CONTINGENCY OPERATING LOCATION SPEICHER, Iraq - Most of us are excited when it is our turn to redeploy. We have watched other units pack up and leave. Soldiers walking out of the PX with one or two tough boxes in tow telegraph their imminent departure. When it is finally your turn to redeploy, you become the envy of the COB. Even though this is an exciting time, and a long time coming, it also presents some challenges. Two significant issues in the redeployment process are change and anxiety.

No matter who you are, your rank, or marital status, everyone will face changes in one form or another when they get back home. One way to keep up with the changes is to maintain good communication with your family. If you don't like how your spouse is doing something, express it but don't try to change it-work with him/her to see if you can come up with a solution that you both can live with. Observe how things are operating at home before you try to "fix" them. Some things won't and can't be changed. Maya Angelou said, "If you don't like something, change it. If you can't change it, change your attitude." Be aware of this and learn to adapt. A good rule of thumb is to wait 4-6 weeks before you make any big changes-this is the average time it takes for the reintegration process.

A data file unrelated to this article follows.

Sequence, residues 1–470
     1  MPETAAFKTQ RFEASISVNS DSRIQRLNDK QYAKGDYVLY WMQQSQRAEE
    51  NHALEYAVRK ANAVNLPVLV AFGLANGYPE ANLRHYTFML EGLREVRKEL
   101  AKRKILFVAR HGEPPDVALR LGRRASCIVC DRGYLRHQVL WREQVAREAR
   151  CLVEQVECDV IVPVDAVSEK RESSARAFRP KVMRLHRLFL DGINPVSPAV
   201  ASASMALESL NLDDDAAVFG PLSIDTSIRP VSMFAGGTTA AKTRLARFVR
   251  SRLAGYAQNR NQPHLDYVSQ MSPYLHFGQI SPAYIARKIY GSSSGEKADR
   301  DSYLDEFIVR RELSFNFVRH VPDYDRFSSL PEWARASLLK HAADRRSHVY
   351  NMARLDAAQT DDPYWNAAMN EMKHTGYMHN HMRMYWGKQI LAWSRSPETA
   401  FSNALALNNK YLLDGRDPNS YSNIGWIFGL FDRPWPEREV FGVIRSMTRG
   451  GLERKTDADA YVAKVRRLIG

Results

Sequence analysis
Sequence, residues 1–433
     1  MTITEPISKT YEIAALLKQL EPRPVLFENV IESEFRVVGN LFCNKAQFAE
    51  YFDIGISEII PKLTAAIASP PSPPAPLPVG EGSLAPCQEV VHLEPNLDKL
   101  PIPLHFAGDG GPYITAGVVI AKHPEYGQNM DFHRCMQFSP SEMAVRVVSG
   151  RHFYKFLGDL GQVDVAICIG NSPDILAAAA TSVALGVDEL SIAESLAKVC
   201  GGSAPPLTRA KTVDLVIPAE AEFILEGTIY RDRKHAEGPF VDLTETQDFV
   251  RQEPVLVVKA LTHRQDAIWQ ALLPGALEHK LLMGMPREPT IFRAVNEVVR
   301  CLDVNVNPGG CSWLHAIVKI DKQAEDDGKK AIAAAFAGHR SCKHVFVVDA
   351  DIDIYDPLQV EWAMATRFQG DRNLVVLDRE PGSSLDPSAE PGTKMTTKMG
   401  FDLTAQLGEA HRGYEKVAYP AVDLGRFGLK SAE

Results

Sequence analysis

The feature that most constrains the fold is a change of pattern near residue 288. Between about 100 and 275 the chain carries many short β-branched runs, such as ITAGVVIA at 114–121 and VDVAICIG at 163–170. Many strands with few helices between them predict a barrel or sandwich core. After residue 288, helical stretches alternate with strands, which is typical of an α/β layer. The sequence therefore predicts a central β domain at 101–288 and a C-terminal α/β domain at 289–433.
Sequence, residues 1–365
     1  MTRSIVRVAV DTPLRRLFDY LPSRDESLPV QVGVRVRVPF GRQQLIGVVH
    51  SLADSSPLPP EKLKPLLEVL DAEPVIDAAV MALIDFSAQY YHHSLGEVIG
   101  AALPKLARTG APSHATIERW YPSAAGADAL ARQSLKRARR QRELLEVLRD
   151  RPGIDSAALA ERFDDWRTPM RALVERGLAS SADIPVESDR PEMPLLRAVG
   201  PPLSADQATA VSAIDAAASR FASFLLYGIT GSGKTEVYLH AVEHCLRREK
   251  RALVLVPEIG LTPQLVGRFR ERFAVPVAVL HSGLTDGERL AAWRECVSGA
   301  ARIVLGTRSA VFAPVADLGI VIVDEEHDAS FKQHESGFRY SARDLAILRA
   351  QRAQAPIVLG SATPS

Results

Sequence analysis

Another issue we face is anxiety. It is normal to feel anxious when we are getting ready to return. We don't know what to expect or what changes have taken place; some Soldiers face ETS and PCS orders. All of these can add stress to an already stressful situation. One of the ways to reduce the stress is to plan ahead. Some of the anxiety stems from fear of the unknown. As you plan ahead for these changes, it reduces the fear and in turn, the anxiety. Find constructive things to do that keep you occupied. Leaders often create "busy work" to keep Soldiers occupied for this very reason: it keeps their minds and hands occupied.

A deployment is a very challenging time in a Soldier's life as well as his/her family's life. This is a time of change, both on the battlefield and the home front. Learning to adapt to these changes is important in the reintegration process, just as being constructive with your time helps reduce the anxiety that comes with the redeployment.

Page last updated Mon March 29th, 2010 at 20:31